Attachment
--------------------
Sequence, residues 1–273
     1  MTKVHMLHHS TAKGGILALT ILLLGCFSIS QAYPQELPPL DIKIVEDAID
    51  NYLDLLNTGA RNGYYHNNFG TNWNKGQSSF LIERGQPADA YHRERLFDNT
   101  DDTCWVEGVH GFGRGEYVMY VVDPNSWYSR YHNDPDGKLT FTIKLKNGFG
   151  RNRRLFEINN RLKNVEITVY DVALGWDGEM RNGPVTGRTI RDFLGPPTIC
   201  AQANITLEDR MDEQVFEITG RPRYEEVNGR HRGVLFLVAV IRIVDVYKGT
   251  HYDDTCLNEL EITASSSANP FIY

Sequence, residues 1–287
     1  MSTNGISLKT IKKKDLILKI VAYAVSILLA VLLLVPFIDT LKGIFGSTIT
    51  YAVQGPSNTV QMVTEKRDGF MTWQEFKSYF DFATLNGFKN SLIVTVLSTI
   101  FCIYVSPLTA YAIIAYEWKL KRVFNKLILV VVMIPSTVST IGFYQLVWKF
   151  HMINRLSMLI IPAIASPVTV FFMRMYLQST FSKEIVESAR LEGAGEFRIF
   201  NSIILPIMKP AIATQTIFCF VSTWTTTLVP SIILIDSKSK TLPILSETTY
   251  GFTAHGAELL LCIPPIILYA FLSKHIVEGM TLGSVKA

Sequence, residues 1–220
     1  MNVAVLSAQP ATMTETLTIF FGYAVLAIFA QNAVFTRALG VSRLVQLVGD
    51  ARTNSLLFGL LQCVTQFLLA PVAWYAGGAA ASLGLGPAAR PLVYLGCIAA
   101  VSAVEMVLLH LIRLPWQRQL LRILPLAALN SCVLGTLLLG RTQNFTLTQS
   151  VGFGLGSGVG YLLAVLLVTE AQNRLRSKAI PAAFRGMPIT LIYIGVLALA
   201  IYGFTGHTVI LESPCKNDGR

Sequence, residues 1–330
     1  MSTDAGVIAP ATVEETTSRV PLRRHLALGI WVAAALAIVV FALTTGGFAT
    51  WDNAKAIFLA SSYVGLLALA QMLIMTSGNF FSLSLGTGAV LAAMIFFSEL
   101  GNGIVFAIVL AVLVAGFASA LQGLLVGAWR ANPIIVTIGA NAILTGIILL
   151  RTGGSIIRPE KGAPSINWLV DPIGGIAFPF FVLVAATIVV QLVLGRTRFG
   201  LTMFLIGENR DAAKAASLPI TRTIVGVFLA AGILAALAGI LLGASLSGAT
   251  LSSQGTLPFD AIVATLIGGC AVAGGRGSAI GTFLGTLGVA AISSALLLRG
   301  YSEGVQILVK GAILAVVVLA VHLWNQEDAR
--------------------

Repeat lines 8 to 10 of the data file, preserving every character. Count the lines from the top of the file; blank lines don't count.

Sequence, residues 1–287
     1  MSTNGISLKT IKKKDLILKI VAYAVSILLA VLLLVPFIDT LKGIFGSTIT
    51  YAVQGPSNTV QMVTEKRDGF MTWQEFKSYF DFATLNGFKN SLIVTVLSTI